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Parts of a stage

A stage is the centerpiece of any theatrical production, and it is where actors, dancers, and performers bring their stories to life. However, the stage is not just a flat surface where actors perform. It is a complex structure composed of several parts that contribute to the overall production. In this blog post, we will explore the different parts of a stage and their functions.

Proscenium Arch

The proscenium arch is a rectangular opening that separates the stage from the audience. It is the most common type of stage and is often used in traditional theater productions. The proscenium arch serves as a frame for the stage and provides a clear separation between the performers and the audience.


The stage is the main performance area where actors, dancers, and performers showcase their talent. It is usually a flat surface made of wood or other materials that can withstand the weight of performers and scenery.


The wings are the areas on either side of the stage where performers wait for their cues. They are usually hidden from the audience’s view by stage curtains or drapes.


The apron is the area of the stage that extends beyond the proscenium arch and into the audience’s space. It is often used for intimate performances or to bring performers closer to the audience.

Orchestra Pit

The orchestra pit is a sunken area located in front of the stage where musicians play live music during performances. It is often covered by a removable platform when not in use.

Fly Loft

The fly loft is the area above the stage where scenery, props, and lighting equipment are suspended. It is controlled by a system of ropes and pulleys and is used to raise and lower scenery during performances.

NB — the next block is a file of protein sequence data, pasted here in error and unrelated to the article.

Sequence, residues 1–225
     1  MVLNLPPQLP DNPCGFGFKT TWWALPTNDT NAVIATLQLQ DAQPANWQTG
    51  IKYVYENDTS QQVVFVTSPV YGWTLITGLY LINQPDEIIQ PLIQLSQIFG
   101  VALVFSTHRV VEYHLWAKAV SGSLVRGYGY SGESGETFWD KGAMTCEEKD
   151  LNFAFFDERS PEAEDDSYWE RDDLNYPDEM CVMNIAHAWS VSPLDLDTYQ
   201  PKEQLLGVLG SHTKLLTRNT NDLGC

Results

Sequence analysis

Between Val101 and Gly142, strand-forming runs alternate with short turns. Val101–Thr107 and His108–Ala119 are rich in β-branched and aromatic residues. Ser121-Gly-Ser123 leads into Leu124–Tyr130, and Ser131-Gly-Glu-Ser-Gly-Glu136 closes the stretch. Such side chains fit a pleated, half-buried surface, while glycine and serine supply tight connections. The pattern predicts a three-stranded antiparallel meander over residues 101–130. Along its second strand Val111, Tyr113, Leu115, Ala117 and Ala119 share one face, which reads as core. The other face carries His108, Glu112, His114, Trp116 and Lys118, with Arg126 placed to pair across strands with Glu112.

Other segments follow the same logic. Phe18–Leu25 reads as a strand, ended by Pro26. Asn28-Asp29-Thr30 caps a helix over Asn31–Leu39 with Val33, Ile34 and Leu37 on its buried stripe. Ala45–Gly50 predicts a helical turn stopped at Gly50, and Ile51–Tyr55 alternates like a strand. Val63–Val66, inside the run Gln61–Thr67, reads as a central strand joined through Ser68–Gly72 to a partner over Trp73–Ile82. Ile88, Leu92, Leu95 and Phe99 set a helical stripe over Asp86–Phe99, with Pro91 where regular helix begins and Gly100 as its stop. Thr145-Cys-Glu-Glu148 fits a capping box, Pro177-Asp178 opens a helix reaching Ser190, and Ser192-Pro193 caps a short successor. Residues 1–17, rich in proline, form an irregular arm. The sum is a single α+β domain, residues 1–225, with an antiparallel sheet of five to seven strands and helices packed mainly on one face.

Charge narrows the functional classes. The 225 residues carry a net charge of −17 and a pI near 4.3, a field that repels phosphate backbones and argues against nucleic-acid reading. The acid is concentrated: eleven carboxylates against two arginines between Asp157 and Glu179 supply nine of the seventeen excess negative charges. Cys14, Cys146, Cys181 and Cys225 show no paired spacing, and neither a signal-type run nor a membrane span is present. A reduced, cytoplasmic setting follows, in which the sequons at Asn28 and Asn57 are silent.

Stage Drapes

Stage drapes are large pieces of fabric that are used to cover the stage and create a backdrop for performances. They can be made of different materials, colors, and textures to create different moods and atmospheres.

Legs and Teasers

Legs and teasers are vertical and horizontal curtains that are used to create different stage configurations and provide different levels of privacy for performers. Legs are vertical curtains that are used to mask the wings, while teasers are horizontal curtains that are used to mask the fly loft.


The cyclorama, or “cyc,” is a large, curved backdrop that is used to create different lighting effects and moods on stage. It is usually made of white or light-colored fabric and can be lit from behind to create different colors and shadows.


A scrim is a thin, translucent piece of fabric that is used to create special effects on stage. When lit from the front, it appears opaque, but when lit from behind, it becomes transparent, allowing performers or scenery to appear or disappear on stage.

In conclusion, the different parts of a stage work together to create a seamless and immersive theatrical experience. From the proscenium arch to the fly loft, each element plays a crucial role in bringing a production to life. Understanding the different parts of a stage can help actors, directors, and technicians create more dynamic and engaging performances.

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